Home > cognitive neuroscience, neuroscience, psychology > Daydreaming as a Disorder?

Daydreaming as a Disorder?

A few days ago I came across a paper by Schupak and Rosenthal (2008). They report the case of a patient presenting with a long history of excessive daydreaming.
Their patient is a 36 year old successful, educated woman with a long history of excessive and persistent daydreaming, which according to her reports is a cause of distress. What’s really fascinating in this case is the lack of known injury, drug abuse or other disorder. After more than 10 years of therapy, she only found relief from her symptoms when she was prescribed fluvoxamine, an antidepressant drug believed to influence obsessiveness and/or compulsivity. Even though, she used to spend a big part of her free time engaged in daydreaming, she was never disconnected from reality. Growing older, she was forced to hide her excessive daydreaming from colleagues and friends. However, this behaviour didn’t interfere with her education and her career.

The authors do a short review of the existing literature in mind-wandering suggesting that the hypothesis by Mason et al. (2007), according to which “mind-wandering is associated with activity in the default mode network”, could explain their patient’s symptoms. See suggested readings for alternative theories/hypotheses.

Schupak and Rosenthal (2008) conclude:

The subject of the present case study claims to be adjusted to her high level of fantasy proneness. She manages to orchestrate a complex allocation of cognitive and emotional resources toward the competitive requirements of externally- versus internally-driven attentional demands on a daily basis, though at substantial psychological cost. Our question regards the extent to which this case may represent an unrecognized population, i.e., individuals whose mind wandering/daydreaming is experienced as a causative factor in producing psychological distress or functional impairment without meeting criteria for any DSM disorder. The fact that our patient reports a positive response to a medication that influences serotonergic tone may imply neurochemical irregularity

Unfortunately, there is no report on any neuroimaging studies on this specific patient.

Schupak, C. and Rosenthal, J. (2009). Excessive daydreaming: A case history and discussion of mind wandering and high fantasy proneness. Consciousness and Cognition, 18(1):290-292.

Suggested Readings

Burgess, P., Dumontheil, I., and Gilbert, S. (2007). The gateway hypothesis of rostral prefrontal cortex (area 10) function. Trends in Cognitive Sciences, 11(7):290-298.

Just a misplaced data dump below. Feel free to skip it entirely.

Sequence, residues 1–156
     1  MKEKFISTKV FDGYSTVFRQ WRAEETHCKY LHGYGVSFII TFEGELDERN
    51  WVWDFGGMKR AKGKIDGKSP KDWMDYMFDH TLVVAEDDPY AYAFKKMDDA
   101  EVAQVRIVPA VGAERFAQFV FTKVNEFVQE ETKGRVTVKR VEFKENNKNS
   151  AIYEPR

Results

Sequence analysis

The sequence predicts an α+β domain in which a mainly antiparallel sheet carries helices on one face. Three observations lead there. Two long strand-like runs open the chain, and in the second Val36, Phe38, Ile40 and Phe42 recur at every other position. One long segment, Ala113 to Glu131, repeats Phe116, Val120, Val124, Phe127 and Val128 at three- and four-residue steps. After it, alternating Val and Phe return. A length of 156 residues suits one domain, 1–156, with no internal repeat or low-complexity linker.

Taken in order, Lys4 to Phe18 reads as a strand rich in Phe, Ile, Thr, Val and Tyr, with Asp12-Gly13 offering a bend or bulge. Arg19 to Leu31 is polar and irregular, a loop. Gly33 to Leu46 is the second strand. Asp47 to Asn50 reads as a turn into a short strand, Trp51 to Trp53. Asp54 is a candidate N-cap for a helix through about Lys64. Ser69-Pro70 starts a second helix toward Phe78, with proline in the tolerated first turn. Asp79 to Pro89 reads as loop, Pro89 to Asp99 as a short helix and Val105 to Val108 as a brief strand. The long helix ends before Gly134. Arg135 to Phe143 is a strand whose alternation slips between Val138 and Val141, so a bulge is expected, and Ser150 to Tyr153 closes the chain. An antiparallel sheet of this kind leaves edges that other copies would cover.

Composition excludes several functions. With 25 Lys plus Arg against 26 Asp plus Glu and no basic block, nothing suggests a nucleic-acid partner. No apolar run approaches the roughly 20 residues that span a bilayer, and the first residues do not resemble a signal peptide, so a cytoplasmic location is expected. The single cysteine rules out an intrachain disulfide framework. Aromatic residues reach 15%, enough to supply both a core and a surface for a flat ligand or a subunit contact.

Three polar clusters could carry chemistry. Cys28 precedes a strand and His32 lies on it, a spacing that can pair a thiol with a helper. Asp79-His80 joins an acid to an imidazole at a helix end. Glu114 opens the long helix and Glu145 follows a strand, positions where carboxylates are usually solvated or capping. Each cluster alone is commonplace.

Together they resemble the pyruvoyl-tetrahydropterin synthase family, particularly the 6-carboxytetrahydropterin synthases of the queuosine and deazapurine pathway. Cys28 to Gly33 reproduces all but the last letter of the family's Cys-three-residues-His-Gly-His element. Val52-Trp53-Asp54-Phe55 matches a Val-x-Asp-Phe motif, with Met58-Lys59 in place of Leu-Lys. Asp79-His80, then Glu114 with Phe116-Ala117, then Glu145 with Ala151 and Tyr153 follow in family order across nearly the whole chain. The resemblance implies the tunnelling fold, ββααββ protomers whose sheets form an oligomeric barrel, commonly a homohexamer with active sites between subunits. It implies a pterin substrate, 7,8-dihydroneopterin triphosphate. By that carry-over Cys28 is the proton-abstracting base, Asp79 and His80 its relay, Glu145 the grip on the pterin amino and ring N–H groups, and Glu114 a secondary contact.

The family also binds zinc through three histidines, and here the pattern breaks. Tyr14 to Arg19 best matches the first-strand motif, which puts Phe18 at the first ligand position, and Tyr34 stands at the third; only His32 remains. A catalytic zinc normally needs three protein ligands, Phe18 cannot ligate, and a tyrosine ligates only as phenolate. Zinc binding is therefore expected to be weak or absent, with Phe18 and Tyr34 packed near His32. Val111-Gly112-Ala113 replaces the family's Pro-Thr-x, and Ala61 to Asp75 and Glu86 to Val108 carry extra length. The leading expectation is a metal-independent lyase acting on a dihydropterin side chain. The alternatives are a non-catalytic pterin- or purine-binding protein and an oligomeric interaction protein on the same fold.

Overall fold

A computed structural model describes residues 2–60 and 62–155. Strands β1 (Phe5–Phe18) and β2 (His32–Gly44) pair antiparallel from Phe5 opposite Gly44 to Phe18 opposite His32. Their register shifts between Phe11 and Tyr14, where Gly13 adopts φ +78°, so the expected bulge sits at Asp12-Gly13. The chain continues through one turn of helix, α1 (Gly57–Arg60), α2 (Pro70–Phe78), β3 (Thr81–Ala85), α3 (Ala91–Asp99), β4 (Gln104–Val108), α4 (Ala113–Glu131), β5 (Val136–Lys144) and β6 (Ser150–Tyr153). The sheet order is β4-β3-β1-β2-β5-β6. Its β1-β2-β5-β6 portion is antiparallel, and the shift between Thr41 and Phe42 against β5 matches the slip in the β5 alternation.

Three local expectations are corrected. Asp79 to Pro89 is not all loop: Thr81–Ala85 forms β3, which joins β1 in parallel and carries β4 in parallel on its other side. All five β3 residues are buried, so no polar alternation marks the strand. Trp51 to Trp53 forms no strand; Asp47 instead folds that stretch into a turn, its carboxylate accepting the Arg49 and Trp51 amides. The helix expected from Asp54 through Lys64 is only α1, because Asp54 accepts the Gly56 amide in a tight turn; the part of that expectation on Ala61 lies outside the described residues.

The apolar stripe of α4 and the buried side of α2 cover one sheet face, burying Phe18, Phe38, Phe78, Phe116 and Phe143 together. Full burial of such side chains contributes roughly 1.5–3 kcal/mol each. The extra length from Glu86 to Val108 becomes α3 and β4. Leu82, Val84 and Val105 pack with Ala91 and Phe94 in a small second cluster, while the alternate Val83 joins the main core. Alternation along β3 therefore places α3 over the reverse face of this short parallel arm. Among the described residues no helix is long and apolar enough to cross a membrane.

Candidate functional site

Gilbert, S. J., Frith, C. D., and Burgess, P. W. (2005). Involvement of rostral prefrontal cortex in selection between stimulus-oriented and stimulus-independent thought. The European journal of neuroscience., 21(5):1423-1431.

Mason, M. F., Norton, M. I., Van Horn, J. D., Wegner, D. M., Grafton, S. T., and Macrae, C. N. (2007). Wandering minds: The default network and stimulus-independent thought. Science, 315(5810):393-395.

Raichle, M. E., MacLeod, A. M., Snyder, A. Z., Powers, W. J., Gusnard, D. A., and Shulman, G. L. (2001). A default mode of brain function. Proceedings of the National Academy of Sciences of the United States of America, 98(2):676-682.

(painting: girl-daydreaming by Anthony Staynes)

  1. 06/09/2010 at 00:05

    You can find more information about this disorder, which is known as Maladaptive Daydreaming, at the above link. I suffer from this problem, which is characterized by excessive daydreaming that creates significant problems in day-to-day functioning. People who have this problem will often compare it to an addiction. Many people with this will do repetitive movements (such as pacing) while daydreaming. There is also a forum for this problem at:


  2. sasha
    06/11/2010 at 05:04

    im a day dreamer since i was 3 i like day dreaming i create situations which i want in my life its fun but it wastes my time too

  3. 20/06/2013 at 21:30

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  4. 11/09/2013 at 15:00

    What’s up, I check your new stuff daily. Your story-telling style is witty, keep it

  1. 10/02/2011 at 09:21
  2. 07/07/2011 at 13:36

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